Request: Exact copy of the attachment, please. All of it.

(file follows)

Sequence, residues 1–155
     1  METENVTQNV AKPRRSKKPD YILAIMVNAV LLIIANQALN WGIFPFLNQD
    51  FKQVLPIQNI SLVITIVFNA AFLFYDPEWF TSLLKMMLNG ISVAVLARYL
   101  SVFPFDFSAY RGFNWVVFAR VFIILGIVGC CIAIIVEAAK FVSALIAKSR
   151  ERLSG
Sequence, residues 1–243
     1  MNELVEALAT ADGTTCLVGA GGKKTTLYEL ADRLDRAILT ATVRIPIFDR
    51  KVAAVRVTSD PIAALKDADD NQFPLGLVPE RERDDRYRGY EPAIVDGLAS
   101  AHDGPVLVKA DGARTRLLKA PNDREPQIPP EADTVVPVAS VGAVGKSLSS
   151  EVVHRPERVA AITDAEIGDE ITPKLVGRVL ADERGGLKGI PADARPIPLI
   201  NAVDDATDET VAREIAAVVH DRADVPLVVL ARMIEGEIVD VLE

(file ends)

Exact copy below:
Sequence, residues 1–155
     1  METENVTQNV AKPRRSKKPD YILAIMVNAV LLIIANQALN WGIFPFLNQD
    51  FKQVLPIQNI SLVITIVFNA AFLFYDPEWF TSLLKMMLNG ISVAVLARYL
   101  SVFPFDFSAY RGFNWVVFAR VFIILGIVGC CIAIIVEAAK FVSALIAKSR
   151  ERLSG
Sequence, residues 1–243
     1  MNELVEALAT ADGTTCLVGA GGKKTTLYEL ADRLDRAILT ATVRIPIFDR
    51  KVAAVRVTSD PIAALKDADD NQFPLGLVPE RERDDRYRGY EPAIVDGLAS
   101  AHDGPVLVKA DGARTRLLKA PNDREPQIPP EADTVVPVAS VGAVGKSLSS
   151  EVVHRPERVA AITDAEIGDE ITPKLVGRVL ADERGGLKGI PADARPIPLI
   201  NAVDDATDET VAREIAAVVH DRADVPLVVL ARMIEGEIVD VLE